The invention discloses a dual fetch instruction sequencer comprising first and second means for storing program instructions wherein for each binary decision instruction having a program path choice between a jump address and a sequential address, the two choices are stored in opposite storing means, first and second address registers coupled to the respective first and second storing means, an instruction execution register coupled to the outputs of both storing means, means for loading a first address into one address register from which the instruction of the first address can be accessed, the first address corresponding to the jump address of one instruction read from either the first or second storing means into the execution register, and means for loading a second address into the opposite address register wherein the second address corresponds to the sequential address of the instruction transferred to the execution register. It may be preferable that the first and second storing means comprise single-ported memories. Also, it may be preferable that the first address loading means comprises means responsive to control signals for respectively isolating the jump address fields of the first and second storing means from both the first and second address registers. It may also be preferable that the second address loading means comprises an incrementor coupled to the output of the first address register, the incrementor having its output coupled through logic controlled isolators to the first and second address registers. Also, the sequencer may further comprise first and second means responsive to control signals for respectively isolating the outputs of the first and second storing means from the execution register. The term sequencer herein is generally defined as a device which sequentially provides the instructions of program flow to an execution register for execution. Herein, the sequencer is intended to include and be interchangeable with the term microprocessor which generally applies to microinstructions. The term instruction is intended to be interchangeable with the term microinstruction as the invention is applicable to different levels of software operation. The term sequential address is generally defined to be the default address or the direction of program flow other than to a jump or branch address. It is therefore intended to include incremental addresses by one, two, or more. Isolators or isolating means may commonly be buffers which provide a path therethrough in response to digital control logic.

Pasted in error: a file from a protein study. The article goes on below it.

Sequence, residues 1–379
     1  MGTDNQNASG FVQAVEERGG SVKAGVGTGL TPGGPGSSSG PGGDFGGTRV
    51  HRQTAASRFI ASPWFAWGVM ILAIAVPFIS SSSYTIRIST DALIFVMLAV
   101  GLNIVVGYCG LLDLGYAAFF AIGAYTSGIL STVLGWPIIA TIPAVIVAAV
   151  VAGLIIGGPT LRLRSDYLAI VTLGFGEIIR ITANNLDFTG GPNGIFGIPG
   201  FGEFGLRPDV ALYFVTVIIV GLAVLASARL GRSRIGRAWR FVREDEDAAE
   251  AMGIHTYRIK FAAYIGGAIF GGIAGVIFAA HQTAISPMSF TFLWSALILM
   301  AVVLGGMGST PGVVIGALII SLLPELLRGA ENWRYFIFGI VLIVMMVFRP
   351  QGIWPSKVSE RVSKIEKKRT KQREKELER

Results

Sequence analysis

The invention may also be practiced by a dual fetch instruction sequencer comprising first and second means for storing program instructions wherein for each binary decision instruction having a program path choice between a jump address and a sequential address, the jump address and sequential address are stored in different storing means, first and second address registers coupled respectively to the storing means, an execution register coupled to the outputs of the first and second storing means, means for coupling the jump address of a first instruction to the first address register in response to the first instruction being transferred to the execution register and the instruction of the jump address being located in the first storing means, means for coupling the sequential address to the second address register in response to the jump address being located in the first storing means, means for coupling the jump address of the first instruction to the second address register when the jump address is located in the second storing means, and means for coupling the sequential address to the first address register when the jump address is located in the second storing means.

The invention teaches a dual fetch microinstruction sequencer comprising a first memory for storing odd addressed microinstructions from a microprogram having opposite odd/even polarities for the two possible next addresses for each binary conditional branch microinstruction, a second memory for storing even addressed microinstructions of the microprogram, first and second address registers coupled respectively to the first and second memories, an execution register coupled to the outputs of the two memories and means responsive to the odd/even polarity of the jump address of a microinstruction transferred to the execution register for coupling a first address corresponding to the jump address to one address register from which the jump address can be accessed and for coupling a second address corresponding to the sequential address to the other address register. It may be preferable that the sequencer further comprise first and second means responsive to control signals for respectively isolating the outputs of the first and second memories from the execution register. Further, it may be preferable that the first address coupling means comprise means responsive to control signals for isolating the address fields of the first and second memories from both the first and second address registers. It may also be preferable that the second address coupling means comprise an incrementor coupled to the output of the first address register, the incrementor having its output coupled through logic controlled isolators to the first and second address registers.